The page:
Three-year-olds start to develop a sense of their body and what they can do with their body parts. They will soon start to add eyes to circles when they scribble. Lines extending out of a circle represent arms or legs. Children typically do not draw people with distinct heads and bodies before age four.
Identifying body parts: Typical three-year-olds can learn to show and name basic body parts: head, feet, hands, eyes, mouth, nose, ears, hair, tongue, tummy, arms, legs, back, shoulders, knees and fingers. Many can also show and name their thumb and forefinger.
Developing a sense of position in space: To do this, you can raise the bar by asking your child to place their hands above, below, in front, behind and beside certain body parts.
Raise a competent mover with “ABC”
Play “ABC” games to scaffold your child – between the ages of three and five – on their way to becoming a competent mover.
A-GAMES are aimed at developing a strong athlete
Think of a capital letter A and see a stick figure with its legs planted far apart, standing strong.
This represents physical strength and endurance. In other words, you need to play games that aim to develop skills that you would associate with a gymnast (balancing) or a rugby player (scoring a try). Such an athlete is strong, agile and fast and has impressive co-ordination and balancing skills.
B-GAMES help children to understand their bodies better
Young children are designed to learn, slowly but surely, from what their eyes, ears, skin and muscles tell them as they move and explore. They tune into their bodies and relate to their surroundings in four ways:
- They develop a body scheme (“body awareness”) as they discover where different body parts are and what they can do. This leads to developing something called “midline crossing”, where they learn to feel comfortable with moving the right hand across the midline of the body and using it while it’s on the left side and vice versa.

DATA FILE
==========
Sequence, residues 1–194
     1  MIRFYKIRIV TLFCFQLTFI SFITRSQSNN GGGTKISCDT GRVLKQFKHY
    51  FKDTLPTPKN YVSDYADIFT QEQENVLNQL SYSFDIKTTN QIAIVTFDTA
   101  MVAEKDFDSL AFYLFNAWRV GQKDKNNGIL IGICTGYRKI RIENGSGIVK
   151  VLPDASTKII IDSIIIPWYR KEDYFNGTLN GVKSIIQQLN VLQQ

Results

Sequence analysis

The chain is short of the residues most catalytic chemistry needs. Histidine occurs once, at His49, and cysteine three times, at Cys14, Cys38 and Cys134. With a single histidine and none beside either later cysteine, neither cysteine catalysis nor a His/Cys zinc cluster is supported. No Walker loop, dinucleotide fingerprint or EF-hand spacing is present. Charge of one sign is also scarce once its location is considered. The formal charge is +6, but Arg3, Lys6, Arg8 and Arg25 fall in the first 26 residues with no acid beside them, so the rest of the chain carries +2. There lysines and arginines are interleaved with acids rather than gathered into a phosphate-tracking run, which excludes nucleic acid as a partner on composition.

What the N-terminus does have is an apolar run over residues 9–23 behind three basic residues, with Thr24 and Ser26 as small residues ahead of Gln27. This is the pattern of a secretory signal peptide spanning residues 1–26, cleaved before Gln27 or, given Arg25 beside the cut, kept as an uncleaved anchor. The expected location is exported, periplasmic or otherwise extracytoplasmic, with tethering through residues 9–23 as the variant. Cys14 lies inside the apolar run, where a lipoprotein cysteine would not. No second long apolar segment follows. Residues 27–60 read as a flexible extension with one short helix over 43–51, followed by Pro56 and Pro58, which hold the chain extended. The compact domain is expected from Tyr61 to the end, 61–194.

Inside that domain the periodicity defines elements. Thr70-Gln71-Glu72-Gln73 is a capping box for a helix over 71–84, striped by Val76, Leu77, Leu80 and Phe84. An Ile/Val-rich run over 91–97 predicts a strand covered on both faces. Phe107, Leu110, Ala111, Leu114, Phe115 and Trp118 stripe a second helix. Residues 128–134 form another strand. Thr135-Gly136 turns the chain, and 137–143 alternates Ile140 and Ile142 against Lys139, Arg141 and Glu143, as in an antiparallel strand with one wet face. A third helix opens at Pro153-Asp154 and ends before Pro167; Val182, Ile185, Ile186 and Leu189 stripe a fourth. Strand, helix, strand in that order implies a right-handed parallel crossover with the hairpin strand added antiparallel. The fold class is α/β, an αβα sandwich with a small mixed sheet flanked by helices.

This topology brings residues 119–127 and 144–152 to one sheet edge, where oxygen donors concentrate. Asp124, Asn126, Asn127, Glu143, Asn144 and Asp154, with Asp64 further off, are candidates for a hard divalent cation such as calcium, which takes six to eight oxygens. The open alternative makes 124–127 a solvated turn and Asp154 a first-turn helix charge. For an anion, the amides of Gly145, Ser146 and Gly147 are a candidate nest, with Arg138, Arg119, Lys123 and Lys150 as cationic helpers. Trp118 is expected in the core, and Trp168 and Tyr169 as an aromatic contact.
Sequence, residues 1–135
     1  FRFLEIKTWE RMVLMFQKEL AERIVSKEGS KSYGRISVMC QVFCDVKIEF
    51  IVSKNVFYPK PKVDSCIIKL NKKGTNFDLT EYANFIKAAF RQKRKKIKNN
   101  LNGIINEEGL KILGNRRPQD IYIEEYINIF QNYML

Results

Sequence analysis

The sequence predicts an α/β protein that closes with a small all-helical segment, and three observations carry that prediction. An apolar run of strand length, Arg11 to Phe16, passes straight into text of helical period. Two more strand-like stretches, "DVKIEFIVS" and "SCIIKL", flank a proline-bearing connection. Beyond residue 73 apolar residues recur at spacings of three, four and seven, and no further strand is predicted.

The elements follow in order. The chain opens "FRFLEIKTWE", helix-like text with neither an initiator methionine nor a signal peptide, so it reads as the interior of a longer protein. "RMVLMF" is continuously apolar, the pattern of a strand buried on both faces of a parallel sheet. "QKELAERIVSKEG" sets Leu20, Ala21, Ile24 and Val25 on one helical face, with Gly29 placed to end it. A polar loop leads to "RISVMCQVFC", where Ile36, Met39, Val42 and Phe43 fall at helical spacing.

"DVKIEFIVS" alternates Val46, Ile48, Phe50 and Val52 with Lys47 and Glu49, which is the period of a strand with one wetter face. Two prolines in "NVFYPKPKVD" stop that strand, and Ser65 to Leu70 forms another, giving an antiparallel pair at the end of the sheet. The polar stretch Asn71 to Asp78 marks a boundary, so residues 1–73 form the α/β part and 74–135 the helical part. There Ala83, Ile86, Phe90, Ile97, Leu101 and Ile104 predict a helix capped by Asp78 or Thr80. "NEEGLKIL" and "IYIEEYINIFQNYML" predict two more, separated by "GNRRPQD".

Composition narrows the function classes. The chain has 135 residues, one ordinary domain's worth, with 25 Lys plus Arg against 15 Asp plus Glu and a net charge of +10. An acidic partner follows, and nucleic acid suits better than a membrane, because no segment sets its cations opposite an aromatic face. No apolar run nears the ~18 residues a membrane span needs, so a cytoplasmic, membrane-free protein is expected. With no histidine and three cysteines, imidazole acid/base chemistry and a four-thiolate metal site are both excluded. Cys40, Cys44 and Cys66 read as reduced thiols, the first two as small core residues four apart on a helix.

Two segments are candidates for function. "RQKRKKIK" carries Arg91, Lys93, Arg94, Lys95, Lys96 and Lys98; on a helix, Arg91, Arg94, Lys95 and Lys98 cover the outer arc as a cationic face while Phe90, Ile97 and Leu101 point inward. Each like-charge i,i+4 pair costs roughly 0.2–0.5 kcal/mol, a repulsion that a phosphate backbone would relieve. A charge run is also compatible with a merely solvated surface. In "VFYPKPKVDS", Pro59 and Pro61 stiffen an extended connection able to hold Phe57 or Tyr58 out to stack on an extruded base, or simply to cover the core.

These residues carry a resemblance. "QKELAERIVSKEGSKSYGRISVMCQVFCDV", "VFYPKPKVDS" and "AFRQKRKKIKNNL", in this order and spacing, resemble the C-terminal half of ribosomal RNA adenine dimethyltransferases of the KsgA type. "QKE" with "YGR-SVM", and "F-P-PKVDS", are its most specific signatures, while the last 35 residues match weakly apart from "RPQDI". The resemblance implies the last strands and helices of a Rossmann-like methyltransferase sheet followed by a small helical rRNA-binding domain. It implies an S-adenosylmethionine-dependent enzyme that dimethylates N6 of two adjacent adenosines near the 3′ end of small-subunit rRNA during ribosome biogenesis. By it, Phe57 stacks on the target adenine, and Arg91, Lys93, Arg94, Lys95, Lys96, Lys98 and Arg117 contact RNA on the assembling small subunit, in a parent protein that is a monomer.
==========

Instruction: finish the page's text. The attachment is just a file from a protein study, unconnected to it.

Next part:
- They develop “spatial awareness” as they learn about position, distance and speed. They discover how much space their bodies occupy, how to use their bodies in the space that is available and how their bodies take on different shapes as they assume different positions.
- Children also learn about the direction of movement by sensing the left and right sides of their own body, and then using that inner sense of direction to relate to all the other directions in which their bodies, and objects around them, can move (called “directional awareness”).
- They develop “temporal awareness” as they practice moving their bodies in relation to rhythm and time. This makes it possible for them to understand how sequences are put together and it prepares them for being able to follow and create patterns – a skill necessary for learning to read, write and do mathematics.
C-GAMES help children to develop movement vocabulary
Children need to know different basic “moves” for them to learn specialised sports skills in primary school. This is the same as learning numbers in order to learn maths or the letters of the alphabet in order to read and write.
Think of a C and turn it on its side to form a bowl. Now…think of the fundamental movement skills that pre-schoolers are introduced to: rolling, balancing, sliding, jogging, running, leaping, jumping, hopping, dodging, galloping, skipping, bouncing, throwing, catching, kicking and striking.
Imagine adding those movement skills to the bowl one by one. This represents you building your child’s movement vocabulary.
Tip: Develop your three-year-old’s sport skills
You can provide enough skills by keeping the letters “ABC” in mind.
A-games point to games that build strength and stamina. Pulling up on monkey bars and running up and down a flight of stairs are A-games that build strength and develop balance and coordination.
B-games focus on developing body awareness. Pointing to body parts with eyes shut and doing an obstacle course develop body awareness.
C-games involve teaching fundamental movement skills. Things like teaching your child to kick or throw a ball, swing a bat, stand on one leg, or balance on a kerb as the two of you walk around the block fall into this category.